An eye disease known as retinal detachment occurs when the retina, a layer of tissue at the back of the eye, is pulled forward, and detaches from the tissues at the back of the eye. A retinal detachment is a dangerous eye disorder that requires immediate treatment to repair, or you run the risk of irreversible vision loss due to the inability of the retina to function normally.
There are three distinct forms of retinal detachment, which are as follows:
The majority of people suffer from this form of retinal detachment. Rhegmatogenous detachments are brought on by a hole or tear in the retina, which enables fluid to flow through and accumulate beneath the retina.
The accumulation of this fluid results in the retina becoming detached from the tissues underneath it. Vision loss can result from the detached parts of the retina losing their blood supply and not being able to function.
Aging is the factor that most often contributes to rhegmatogenous separation. As we age, the gel-like substance that fills the inside of your eye may alter in consistency, shrink, or become more liquid.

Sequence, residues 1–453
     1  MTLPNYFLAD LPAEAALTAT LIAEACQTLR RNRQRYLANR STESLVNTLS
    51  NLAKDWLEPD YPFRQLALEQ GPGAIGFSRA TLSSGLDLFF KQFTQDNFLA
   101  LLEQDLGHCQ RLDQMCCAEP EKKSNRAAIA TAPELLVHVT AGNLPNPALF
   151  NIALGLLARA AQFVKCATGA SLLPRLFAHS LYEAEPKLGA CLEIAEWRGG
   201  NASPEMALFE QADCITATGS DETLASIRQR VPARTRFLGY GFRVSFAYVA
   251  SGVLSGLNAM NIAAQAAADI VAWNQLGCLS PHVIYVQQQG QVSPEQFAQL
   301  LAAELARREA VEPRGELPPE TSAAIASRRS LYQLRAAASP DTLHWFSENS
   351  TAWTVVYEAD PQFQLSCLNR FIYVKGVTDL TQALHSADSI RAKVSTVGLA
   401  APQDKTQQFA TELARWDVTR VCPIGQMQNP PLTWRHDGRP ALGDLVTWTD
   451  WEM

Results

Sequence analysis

Posterior vitreous detachment (PVD) is the natural process of the vitreous layer detaching itself from the retina’s surface without causing any difficulties. A tear is simply a complication that can arise from this separation. Sometimes, when the vitreous detaches from the retina, it can pull on the retina with sufficient force to cause a tear.
Scar tissue on the retina can lead to this form of retinal detachment. This kind of retinal detachment occurs when the retina peels away from the back of the eye. People who have diabetes or other illnesses that are not well managed are often the ones who are diagnosed with tractional separation.
This kind of retinal detachment is characterized by fluid accumulation behind the retina, but there are no breaks or holes in the retina itself. Inflammatory illnesses, eye injuries, tumors, and age-related macular degeneration are some of the conditions that may lead to exudative detachment.
The actual process of retinal detachment does not cause any discomfort. However, there are nearly always warning signs that arise before the problem develops or progresses, such as:
- The unexpected emergence of many floaters in your line of sight. These often look like a swarm of flies.
- Camera-like flashes in one or both eyes (photopsia)
- Hazy vision
- Vision loss in the periphery, or sides, of your vision that gradually worsens
- A shadow that resembles a curtain blocking your line of sight
What do you do in case of an emergency?
If you have any of the above symptoms, and especially if you have several of them, it is a medical emergency. In that case, call us for an emergency appointment as soon as possible. If we are closed and you cannot access another clinic, proceed to the hospital’s emergency department instead.